[EDITORIALS]A timely increase

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[EDITORIALS]A timely increase

President Roh Moo-hyun, making a round of calls to three African countries, is scheduled to announce in Nigeria today a development assistance plan for Africa. It is said that the project will include tripling the budget for development assistance to Africa by 2008 and inviting a total of 1,000 Africans to Korea in the coming three years to teach them about Korea’s development experience.
The project is said to also include expansion of the scale of medical teams that are dispatched to African countries. It is a somewhat late but proper move for a government that has declared that it would conduct international relations at a level suitable for the nation’s expanded power.
Korea’s foreign assistance record is shamefully poor compared to its gross domestic product, which is the 11th-largest in the world. As of 2004, Korea’s overseas development assistance stood at $430 million, only 0.06 percent of the gross national income.
The ratio is the lowest among the member countries of the Organization for Economic Cooperation and Development. We deserve criticism such as “Stingy Korea,” considering that 70 percent of the nation’s gross domestic product is created from international trade. With such a poor performance in foreign assistance, we cannot expect to be treated as a developed country with a sense of responsibility.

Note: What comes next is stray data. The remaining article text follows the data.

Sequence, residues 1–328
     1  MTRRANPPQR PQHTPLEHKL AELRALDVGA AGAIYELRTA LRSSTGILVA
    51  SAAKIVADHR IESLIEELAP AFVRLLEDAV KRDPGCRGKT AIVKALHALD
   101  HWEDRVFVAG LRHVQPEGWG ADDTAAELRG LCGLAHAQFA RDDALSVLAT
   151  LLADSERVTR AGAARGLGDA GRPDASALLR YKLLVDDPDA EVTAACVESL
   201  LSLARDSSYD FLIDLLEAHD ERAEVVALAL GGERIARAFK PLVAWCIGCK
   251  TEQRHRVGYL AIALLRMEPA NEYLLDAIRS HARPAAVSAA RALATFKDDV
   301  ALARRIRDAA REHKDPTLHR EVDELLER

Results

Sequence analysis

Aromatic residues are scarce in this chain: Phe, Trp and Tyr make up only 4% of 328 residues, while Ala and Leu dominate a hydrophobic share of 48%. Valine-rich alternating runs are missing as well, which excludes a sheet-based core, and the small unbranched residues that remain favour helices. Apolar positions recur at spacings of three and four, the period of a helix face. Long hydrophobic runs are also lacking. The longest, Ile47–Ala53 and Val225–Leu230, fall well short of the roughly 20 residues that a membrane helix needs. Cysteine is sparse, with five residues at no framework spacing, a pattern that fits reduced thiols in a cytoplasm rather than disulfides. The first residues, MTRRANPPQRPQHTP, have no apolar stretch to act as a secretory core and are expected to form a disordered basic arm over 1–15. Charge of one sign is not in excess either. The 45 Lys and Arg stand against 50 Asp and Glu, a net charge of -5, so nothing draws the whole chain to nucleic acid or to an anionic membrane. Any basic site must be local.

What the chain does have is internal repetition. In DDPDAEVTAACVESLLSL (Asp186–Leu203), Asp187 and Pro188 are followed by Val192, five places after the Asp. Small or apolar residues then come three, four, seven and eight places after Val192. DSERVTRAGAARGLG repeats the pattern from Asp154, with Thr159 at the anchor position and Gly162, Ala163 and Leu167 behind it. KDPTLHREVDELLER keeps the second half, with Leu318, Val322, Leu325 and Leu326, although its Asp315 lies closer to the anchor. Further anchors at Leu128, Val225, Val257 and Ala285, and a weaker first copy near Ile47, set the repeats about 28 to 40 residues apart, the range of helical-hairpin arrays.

Korea’s overseas development assistance has many problems, not only in its poor scale but also in its concentration on Asia. Nearly 95 percent of the nation’s foreign aid budget is allocated to Asian countries. However, the country should not neglect the poverty of Africa any longer.
In the continent, nearly half of the population lives on less than $1 a day. Considering that, the government’s decision to expand its aid to Africa is proper.
In the medium and long term, the nation should increase the ratio of its overseas development assistance to 0.25 percent of its gross national income ― the average among the OECD member countries, even if it is unable to reach 0.7 percent, the target recommended by the United Nations.
The country also needs to consider positively participating in the Development Assistance Committee of the OECD as a regular member. In accordance with global trends, Korea should consider expanding the ratio of grant-type aid among its total overseas development assistance.
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